With so many working parts in and around the engine, it can sometimes be difficult to determine which part is malfunctioning, as many symptoms relate to multiple components. This is the case when you have a faulty crankshaft pulley or a faulty crankshaft harmonic balancer.
We review the signs of a bad crankshaft pulley, its location, function, and replacement cost. Here’s a quick overview of the signs to look for:
The most common symptoms of a bad crankshaft pulley are engine vibration and rough engine idling. It can also lead to a damaged alternator, power steering pump, or faulty transmission if you’re unlucky.
Here is a more detailed list of the symptoms of a bad crankshaft pulley:
Symptoms of Bad Crankshaft Harmonic Balancer
1. Engine vibration
The most prominent symptom that indicates something is wrong with the crankshaft pulley is engine vibration. This will be the first sign you notice, as long as you are careful.
The crankshaft pulley is usually equipped with a harmonic balancer. This component absorbs engine vibrations, allowing you to accelerate smoothly. However, when the balancer fails, the vibrations are no longer absorbed.
This fault causes noticeable shaking that gets worse as it progresses.
2. Engine idling rough
As you sit in your parked vehicle, you become familiar with the sound of slow motion. When something seems wrong, it could be related to the crankshaft pulley.
Erratic engine speeds are common with a bad crankshaft pulley because the damper is under more pressure, especially at idle. You may notice that the engine’s RPM fluctuates everywhere.
3. Dead alternator
While the alternator charges the battery and runs the accessories, the crankshaft pulley is responsible for powering this component. If the crankshaft pulley fails, the alternator no longer spins and produces power.
You will notice signs that resemble a dead car battery. The lights may flicker and you will not be able to start the vehicle for a long time because the battery cannot be charged.
RELATED: 8 Causes of Your Car Battery Light Coming On While Driving
4. Power steering pump failure
The car’s power steering pump also works with the crankshaft pulley. This critical component pumps hydraulic fluid through the system to keep the steering working as it should.
When power steering fails, it will take much more effort to control your vehicle. You may think the system is low on fluid, but a simple check will show that this is not the case.
5. Damaged transmission or internal engine parts
If you allow engine vibrations to occur for a long time, damage to the transmission or internal motor will occur. This can wear out the crankshaft bearings if you’re unlucky, and your car’s transmission has many parts that aren’t designed to withstand these types of vibrations. The gears, input shaft and bearings are susceptible to damage.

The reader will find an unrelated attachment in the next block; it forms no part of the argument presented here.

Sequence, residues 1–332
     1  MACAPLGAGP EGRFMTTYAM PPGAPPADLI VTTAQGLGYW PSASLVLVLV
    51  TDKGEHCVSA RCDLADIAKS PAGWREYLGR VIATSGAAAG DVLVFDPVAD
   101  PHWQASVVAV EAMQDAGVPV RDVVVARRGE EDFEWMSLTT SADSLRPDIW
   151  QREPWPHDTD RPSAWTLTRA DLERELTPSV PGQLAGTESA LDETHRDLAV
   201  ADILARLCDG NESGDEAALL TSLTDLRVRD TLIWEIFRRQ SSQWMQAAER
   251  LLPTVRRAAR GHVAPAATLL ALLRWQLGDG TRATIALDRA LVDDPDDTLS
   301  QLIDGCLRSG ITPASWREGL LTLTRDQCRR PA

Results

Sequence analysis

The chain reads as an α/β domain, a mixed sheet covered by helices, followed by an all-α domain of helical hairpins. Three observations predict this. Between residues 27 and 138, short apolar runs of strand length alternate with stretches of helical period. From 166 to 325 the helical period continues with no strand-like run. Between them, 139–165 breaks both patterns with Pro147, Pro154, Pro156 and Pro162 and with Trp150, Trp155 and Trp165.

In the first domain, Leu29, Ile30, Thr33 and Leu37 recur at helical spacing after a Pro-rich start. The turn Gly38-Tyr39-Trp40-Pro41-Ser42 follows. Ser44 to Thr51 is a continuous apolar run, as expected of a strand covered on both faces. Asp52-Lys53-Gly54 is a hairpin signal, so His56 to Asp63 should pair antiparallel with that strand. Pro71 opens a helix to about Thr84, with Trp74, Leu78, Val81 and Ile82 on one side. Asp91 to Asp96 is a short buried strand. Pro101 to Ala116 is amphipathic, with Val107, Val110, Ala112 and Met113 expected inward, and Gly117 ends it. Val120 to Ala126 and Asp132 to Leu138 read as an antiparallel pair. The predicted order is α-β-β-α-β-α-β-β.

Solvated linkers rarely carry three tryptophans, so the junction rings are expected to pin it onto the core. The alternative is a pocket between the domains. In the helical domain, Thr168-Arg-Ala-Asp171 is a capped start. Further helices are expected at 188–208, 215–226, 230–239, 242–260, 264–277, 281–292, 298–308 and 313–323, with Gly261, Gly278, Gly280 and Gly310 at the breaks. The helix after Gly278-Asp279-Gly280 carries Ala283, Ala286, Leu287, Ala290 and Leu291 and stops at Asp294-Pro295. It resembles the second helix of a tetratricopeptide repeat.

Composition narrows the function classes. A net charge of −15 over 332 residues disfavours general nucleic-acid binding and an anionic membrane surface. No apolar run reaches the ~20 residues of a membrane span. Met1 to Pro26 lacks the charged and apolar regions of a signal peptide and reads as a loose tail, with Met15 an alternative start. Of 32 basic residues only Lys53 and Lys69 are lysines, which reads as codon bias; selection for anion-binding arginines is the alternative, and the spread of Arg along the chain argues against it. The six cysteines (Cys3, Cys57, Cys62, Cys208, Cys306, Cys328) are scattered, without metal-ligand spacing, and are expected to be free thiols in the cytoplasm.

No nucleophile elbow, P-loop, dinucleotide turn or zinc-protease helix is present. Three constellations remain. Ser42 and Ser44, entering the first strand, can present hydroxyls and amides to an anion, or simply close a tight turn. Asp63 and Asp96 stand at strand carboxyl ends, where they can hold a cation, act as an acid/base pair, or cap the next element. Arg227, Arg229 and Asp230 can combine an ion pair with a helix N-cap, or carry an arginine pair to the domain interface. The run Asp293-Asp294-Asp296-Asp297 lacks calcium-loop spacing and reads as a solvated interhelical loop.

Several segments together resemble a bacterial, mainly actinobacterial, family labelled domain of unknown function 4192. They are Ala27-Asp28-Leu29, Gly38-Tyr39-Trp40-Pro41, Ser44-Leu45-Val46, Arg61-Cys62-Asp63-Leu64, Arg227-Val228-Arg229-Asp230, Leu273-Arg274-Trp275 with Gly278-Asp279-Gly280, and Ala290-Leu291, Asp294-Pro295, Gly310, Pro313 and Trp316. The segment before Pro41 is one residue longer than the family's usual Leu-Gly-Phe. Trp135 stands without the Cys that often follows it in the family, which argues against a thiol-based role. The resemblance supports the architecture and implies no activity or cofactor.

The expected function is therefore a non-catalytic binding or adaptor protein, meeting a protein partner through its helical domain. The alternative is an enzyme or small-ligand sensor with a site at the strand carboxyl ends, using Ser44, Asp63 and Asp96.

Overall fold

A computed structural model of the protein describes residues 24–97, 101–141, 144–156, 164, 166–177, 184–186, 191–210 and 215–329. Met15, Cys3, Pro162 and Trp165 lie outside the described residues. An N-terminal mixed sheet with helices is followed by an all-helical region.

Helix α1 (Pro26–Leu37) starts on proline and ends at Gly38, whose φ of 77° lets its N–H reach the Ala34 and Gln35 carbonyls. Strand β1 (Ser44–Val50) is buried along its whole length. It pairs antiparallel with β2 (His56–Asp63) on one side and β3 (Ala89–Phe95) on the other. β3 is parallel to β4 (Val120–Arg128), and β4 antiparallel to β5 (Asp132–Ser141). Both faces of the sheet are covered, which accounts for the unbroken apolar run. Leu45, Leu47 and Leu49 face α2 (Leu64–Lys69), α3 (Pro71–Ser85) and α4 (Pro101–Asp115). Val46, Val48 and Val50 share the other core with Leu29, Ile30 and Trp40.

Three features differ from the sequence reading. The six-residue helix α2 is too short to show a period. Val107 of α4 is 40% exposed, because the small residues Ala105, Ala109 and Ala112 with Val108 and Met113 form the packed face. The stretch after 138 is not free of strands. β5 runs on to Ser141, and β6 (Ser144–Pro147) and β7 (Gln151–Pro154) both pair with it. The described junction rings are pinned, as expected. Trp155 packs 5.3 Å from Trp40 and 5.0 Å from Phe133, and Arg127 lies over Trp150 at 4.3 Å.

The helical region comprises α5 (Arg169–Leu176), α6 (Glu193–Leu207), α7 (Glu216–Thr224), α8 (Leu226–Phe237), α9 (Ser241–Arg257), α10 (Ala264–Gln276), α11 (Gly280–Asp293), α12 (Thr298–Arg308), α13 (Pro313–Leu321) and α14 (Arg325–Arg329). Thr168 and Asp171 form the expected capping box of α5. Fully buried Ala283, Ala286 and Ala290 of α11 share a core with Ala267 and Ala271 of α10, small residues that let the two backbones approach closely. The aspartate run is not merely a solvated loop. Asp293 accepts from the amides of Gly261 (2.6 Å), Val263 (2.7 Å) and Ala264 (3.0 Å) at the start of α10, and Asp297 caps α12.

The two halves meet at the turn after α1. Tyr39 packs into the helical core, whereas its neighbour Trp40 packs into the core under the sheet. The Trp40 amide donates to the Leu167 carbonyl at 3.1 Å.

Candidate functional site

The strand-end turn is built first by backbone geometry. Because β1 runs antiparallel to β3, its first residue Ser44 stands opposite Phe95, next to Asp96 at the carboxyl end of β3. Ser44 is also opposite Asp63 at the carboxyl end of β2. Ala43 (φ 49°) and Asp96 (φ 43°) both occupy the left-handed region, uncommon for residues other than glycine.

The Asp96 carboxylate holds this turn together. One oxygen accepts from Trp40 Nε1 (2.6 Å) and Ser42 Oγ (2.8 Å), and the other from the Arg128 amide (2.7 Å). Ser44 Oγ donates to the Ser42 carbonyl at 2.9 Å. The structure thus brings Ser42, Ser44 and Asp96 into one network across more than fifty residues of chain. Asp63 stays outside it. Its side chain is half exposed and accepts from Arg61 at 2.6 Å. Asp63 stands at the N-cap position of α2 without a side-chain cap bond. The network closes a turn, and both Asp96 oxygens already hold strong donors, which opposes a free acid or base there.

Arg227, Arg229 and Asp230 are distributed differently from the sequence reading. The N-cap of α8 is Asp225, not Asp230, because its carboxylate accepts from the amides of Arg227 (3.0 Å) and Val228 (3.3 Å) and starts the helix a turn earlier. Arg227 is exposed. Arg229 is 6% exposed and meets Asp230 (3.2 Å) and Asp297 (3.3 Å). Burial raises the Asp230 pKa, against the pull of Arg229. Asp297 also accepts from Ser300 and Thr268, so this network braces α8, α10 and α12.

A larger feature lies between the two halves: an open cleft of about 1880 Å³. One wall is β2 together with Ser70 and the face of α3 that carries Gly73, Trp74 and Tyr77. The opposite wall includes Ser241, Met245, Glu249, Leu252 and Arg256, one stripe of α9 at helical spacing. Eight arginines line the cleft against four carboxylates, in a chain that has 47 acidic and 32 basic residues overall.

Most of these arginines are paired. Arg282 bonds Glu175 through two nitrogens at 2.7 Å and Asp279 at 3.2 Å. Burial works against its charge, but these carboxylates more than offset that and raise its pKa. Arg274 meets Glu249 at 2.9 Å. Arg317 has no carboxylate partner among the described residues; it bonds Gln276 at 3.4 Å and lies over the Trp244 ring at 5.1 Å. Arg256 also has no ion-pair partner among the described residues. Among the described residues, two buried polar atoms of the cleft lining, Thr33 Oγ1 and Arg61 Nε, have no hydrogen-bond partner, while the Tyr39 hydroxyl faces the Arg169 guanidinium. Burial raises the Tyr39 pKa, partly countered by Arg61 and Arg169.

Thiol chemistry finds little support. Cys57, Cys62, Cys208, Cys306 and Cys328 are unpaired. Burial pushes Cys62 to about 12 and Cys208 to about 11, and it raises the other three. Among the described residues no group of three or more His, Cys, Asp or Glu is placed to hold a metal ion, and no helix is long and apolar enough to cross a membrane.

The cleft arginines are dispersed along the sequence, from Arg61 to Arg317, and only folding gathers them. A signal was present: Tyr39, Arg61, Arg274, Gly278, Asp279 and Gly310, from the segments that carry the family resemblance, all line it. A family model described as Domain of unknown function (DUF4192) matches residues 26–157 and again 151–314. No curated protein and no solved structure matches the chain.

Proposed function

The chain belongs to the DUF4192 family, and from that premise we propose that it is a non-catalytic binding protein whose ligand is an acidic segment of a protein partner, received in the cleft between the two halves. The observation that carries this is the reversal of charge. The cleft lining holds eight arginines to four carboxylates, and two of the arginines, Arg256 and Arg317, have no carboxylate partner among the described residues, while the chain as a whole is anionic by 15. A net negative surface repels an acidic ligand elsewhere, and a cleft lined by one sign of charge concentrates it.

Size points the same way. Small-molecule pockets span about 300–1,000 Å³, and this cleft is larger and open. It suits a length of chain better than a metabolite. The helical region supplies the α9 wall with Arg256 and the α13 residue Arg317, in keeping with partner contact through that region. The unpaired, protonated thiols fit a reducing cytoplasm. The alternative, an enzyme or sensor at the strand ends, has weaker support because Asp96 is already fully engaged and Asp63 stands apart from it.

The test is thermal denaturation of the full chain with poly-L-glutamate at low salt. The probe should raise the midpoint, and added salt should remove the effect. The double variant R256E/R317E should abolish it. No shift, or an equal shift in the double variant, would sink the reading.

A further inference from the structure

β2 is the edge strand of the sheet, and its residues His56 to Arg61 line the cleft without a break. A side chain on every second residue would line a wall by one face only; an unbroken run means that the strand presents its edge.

When the transmission starts to fail, you may notice shifting problems, whistling, and fluid leaks. It’s not something you want to deal with just because you had a bad crankshaft pulley.
Crankshaft pulley function
The car engine works on the power given by the fuel. This power is then transmitted to other components through the use of various electrical and mechanical systems. One of these mechanical systems is the crankshaft pulley, which is responsible for power distribution.
The crankshaft pulley drives all components connected to the crankshaft. While the crankshaft drives the car’s wheels, the pulley transmits power to other parts, such as the alternator and power steering pump.
The crankshaft pulley includes an internal damper, responsible for decreasing vibration along the pulley belts. If left uncontrolled, these vibrations can damage connected systems.
While a broken or defective crankshaft pulley belt is easy to replace, a broken shock absorber requires the replacement of the crankshaft pulley.
So what causes a crankshaft pulley to malfunction? Although the part is designed to last the life of your engine, it can easily fail. Most models have a rubber insulation ring that breaks down when exposed to high temperatures, which is a natural occurrence in the engine. Additionally, if there is a coolant or oil leak entering the pulley, it can contaminate it and accelerate its deterioration.
Crankshaft pulley location
The crankshaft pulley, also known as the harmonic balancer, is located at the end of the crankshaft. It is a wheel-like device with grooves that connect directly to the crankshaft.
While the crankshaft is responsible for converting straight or linear motion to the pistons, the crankshaft pulley connects to various other components through the use of accessory belts.
Crankshaft pulley replacement cost
The cost to replace the crankshaft pulley ranges from $350 to $400, depending on the car model and labor costs. You could spend between $200 and $240 on a new crankshaft pulley, plus about $150 in labor.
If you purchase an aftermarket crankshaft pulley, you can save some money. Plus, luxury cars can cost a little more overall.
If you would like to replace the crankshaft pulley yourself, the job is not that complicated.
- Remove all engine drive belts.
- Remove the crankshaft pulley bolt. You will need a pulley bracket and a high torque impact wrench.
- Remove the old pulley.
- Install the new crankshaft pulley.
- Replace the bolt and tighten it.
- Reinstall all engine drive belts.